As we were putting together this issue, I broke bread with three people who — I realize now — all had a hand in the thematic link running through these pages.
The first was Pat Croce, no stranger to this magazine. He told wide-eyed tales of his pirate-like life of adventure, including how he recently tried to save a drowning man in dangerous Key West waters after a WaveRunner collision. Croce’s voice got low and emotional when he got to the part about how the guy hung on as long as he could before dying in the hospital later that night. Next was author Camille Paglia, who rarely paused for breath as she hurtled from one obsession to another, from the movie The Philadelphia Story (see page 92 for more), to the sustenance she gets from poetry, to the way PC is still running amok on Ivy League campuses. Finally, there was a lunch with Adam Moss, the editor of New York magazine, in which we compared notes on how best to get the spirit — the ethos, sights, sounds and smells — of our very different cities jumping off our pages.
Three separate conversations, but one constant: a palpable sense of passion. I found myself bemoaning that we live in “cool” times, that often the kind of enthusiasm I felt from my three friends is deemed outmoded or naïve. Which brings us to this issue; quite by accident, it can be read as an endorsement of those messages I received from Croce et al. Passion runs through these pages. There’s staff writer Andy Putz’s compelling tale of parking magnate Joe Zuritsky’s love for an exotic fish, and State Senator Vince Fumo losing himself in LEGOS — yes, LEGOS. There’s pro soccer star Adam Bruckner’s obsessive quest to solve a murder; there’s hip-hopper ?uestlove’s commitment to musical purity in the face of commercial pressures. There’s word-of-mouth guru Mark Hughes’s enthusiasm for all things market-oriented, and in our cover package on BYOBs, there’s the single-minded commitment of restaurateurs like Narberth’s John Mims (page 77), whose Carmine’s Creole Cafe has invigorated the Main Line dining scene. In all these cases — in this and every other issue — we bring you accomplished actors on our public stage who embody the old proverb “Genius is nothing more than inflamed enthusiasm,” and who have quite consciously resisted the temptation to succumb to that age-old malady, the “can’t-do” Philly mind-set. (The 35-year non-development of Penn’s Landing and a stellar ballpark not located in Center City both stand as monuments to said Can’t-Do Malaise.)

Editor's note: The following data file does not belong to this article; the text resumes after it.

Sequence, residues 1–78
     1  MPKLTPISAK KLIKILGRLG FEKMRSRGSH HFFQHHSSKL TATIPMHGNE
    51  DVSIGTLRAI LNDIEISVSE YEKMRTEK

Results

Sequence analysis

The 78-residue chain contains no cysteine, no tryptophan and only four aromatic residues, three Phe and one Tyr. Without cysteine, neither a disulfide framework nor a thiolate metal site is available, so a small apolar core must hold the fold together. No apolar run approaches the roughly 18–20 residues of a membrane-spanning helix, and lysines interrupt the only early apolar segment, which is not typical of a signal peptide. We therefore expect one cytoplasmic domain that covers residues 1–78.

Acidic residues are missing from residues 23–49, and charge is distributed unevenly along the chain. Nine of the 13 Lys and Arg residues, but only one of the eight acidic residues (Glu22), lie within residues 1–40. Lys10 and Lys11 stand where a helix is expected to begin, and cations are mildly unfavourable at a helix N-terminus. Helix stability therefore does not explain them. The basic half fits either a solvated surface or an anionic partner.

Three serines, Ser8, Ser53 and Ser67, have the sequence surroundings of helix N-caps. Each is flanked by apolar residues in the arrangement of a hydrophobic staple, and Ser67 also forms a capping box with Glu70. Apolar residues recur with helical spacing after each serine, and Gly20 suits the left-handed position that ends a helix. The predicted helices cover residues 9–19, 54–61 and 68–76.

I believe, as English novelist E.M. Forster wrote, “One person with passion is better than 40 people merely interested.” My passion, like Moss’s in New York, is to bring other people’s passions to life for you. This is not a “cool” city; we’re a hot-blooded people, as evidenced by any 700-level Eagles fan. This magazine will always tell hard truths, will always hold a mirror up and exhort the power set to do better. But we also hope to move and inspire by reflecting back to you the most committed, dynamic and, yes, passionate among us. Enjoy.